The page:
Stress. It’s a word we’re all familiar with and a feeling we’ve all experienced.
We know it’s the silent killer. We know it contributes to heart attacks and strokes.
We know how stress feels when we have lousy co-workers. We know how it feels when a partner is unreliable. We know how it feels when the kids never seem to listen. We know how it feels when we’re running late. We know how it feels when we look at the insurmountable to-do list. We know how it feels when we add one more commitment to our life. We know how it feels when finances are tight. We know how it feels to feel sick or in pain. We know how it feels to believe that all of this is just a fact of life.
All of those are certainly stressful situations, but my definition of stress is something a bit different.
The way we react to these situations is what creates stress, and this response is often different from one person to another. And the ways we react are usually rooted in a belief system that’s been hanging around for a really long time, one that’s more like a lurking predator.
It’s these unconscious workings that are the real stressors.
So let’s break one of these examples apart.
Feeling dissatisfied at work is something I hear about often. Let’s take the example of Esther, a woman who is on a team of five, and is fed up with her job. Her co-workers are lazy and always asking her to pick up their slack. It’s like they think she doesn’t have enough to do already. Esther also feels her skills aren’t valued, and that she’s always stuck working projects that underutilize her strengths.
With inquiry, Esther discovers that her resentment isn’t tied to her coworkers’ characteristics; rather, they are connected with her frustration in being overworked, which is perpetuated by her belief that she can’t say no. Esther continues to say yes to her co-workers’ every request, even though her plate is completely full. She begins to notice the pattern of taking responsibility for others’ problems. “If I don’t help out, they may not find anyone else, and they’ll really be in a bind” is a common thread of thought. Even further inquiry leads to a belief that’s followed her around since grade school. Her mother instilled the belief that serving others was the path to righteousness through both language and her own lifestyle. Only her definition of serving others left her frazzled and empty, rather than full and rewarded. By watching her mother, Esther learned how to be. In fact, she even remembered a moment vividly, where at a young age, her mom implied that backing out on a commitment to help an elderly neighbor with yard work despite having a migraine would result in punishment.
It’s in creating these connections that Esther begins to see how a belief system ingrained at a young age is still showing up and calling the shots in her 30s. Once she gained awareness of her patterns, she was able to learn new skills to help her communicate more effectively with her co-workers and boss and plan accordingly. “I’d love to help you out. I can work on that project next week once I finish these other priorities. Does that work for you?” Her co-workers had the choice to say yes or find another solution to their issue. Esther was not responsible for their stress. Despite Esther’s fears of angering them or appearing incapable and ruining a relationship (which had already happened with her giving a false yes), they appreciated her honesty. Over time, the relationships with her co-workers didn’t seem so strained, and she began to apply her new communication skills toward negotiating projects that were better suited to her skillset.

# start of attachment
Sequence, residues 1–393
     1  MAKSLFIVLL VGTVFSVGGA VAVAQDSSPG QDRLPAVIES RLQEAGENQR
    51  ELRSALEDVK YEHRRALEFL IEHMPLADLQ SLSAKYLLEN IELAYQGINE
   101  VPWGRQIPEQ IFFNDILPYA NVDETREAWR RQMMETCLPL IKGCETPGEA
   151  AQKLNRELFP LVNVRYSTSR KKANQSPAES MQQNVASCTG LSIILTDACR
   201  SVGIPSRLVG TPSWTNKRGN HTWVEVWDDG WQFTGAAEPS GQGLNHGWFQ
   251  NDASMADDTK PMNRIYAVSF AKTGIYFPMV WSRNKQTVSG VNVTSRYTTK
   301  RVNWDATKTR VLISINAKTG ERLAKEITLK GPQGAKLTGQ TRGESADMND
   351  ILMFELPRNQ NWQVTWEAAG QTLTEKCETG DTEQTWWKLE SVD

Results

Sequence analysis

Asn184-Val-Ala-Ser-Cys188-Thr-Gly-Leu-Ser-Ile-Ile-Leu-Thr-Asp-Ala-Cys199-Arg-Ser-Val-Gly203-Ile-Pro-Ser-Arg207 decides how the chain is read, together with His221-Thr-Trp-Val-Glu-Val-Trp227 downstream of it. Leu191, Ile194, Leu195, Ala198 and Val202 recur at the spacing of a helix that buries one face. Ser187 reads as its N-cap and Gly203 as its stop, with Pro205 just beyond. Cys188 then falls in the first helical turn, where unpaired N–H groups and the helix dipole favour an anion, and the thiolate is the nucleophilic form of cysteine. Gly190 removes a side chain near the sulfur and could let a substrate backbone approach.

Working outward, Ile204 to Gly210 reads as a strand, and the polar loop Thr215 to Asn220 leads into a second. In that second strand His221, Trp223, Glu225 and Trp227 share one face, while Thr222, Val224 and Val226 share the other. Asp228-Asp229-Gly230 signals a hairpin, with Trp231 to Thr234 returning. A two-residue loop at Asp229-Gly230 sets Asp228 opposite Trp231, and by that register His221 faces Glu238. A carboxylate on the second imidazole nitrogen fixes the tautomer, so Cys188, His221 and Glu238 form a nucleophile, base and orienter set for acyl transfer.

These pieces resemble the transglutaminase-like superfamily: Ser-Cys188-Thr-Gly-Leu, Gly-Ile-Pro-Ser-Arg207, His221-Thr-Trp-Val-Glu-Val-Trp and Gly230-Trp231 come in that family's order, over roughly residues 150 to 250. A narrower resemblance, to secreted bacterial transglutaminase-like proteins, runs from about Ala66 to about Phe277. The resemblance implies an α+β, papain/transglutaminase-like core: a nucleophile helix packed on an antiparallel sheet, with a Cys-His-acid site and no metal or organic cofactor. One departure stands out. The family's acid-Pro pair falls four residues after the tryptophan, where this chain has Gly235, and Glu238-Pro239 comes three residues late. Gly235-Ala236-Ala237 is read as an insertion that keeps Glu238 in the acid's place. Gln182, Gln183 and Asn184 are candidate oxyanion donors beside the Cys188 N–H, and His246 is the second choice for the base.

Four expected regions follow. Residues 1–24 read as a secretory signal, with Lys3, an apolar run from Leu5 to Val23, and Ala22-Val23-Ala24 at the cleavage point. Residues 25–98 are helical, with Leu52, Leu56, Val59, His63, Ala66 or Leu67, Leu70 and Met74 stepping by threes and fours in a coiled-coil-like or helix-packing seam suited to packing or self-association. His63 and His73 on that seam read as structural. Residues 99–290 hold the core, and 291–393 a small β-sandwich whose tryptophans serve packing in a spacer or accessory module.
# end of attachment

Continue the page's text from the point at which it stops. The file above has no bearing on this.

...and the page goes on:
Holding the belief that you can’t say no is a big one for many people, whether that applies to work, family or social situations. Saying no is tremendously hard in our achievement-oriented, can-do, selfless society (An Epidemic of Selflessness). By examining the underlying belief systems that support this detrimental pattern and learning how to rewire the belief, you find more ease and less stress in life.
The root stressor isn’t usually obvious right off the bat. Sometimes it takes a lot of digging. Through asking questions and paying attention to emotions and your body, the answers find a way to reveal themselves.
Sometimes the result is a huge release of stress. Other times it’s the beginning of learning a new way to be.
And when we get to this point, the physical symptoms that manifest from stress, like digestive issues, anxiety, depression, headaches, chronic pain, etc, begin to diminish. (Stress is related to much more than heart attacks or strokes!)
So, when I talk about stress, it’s usually the inner critic that has a front row seat in our mind or the stuff that’s buried deep within our unconscious bodymind. It’s the internal factors moreso than the external factors.
Once we learn that we have choice in everything and find our power to act on choice, the external influencers lose their power.
About: Kara McNabb is a naturopathic practitioner who focuses on the mind-body connection and uses a variety of modalities and remedies to assist in wellness. She works with adults and children.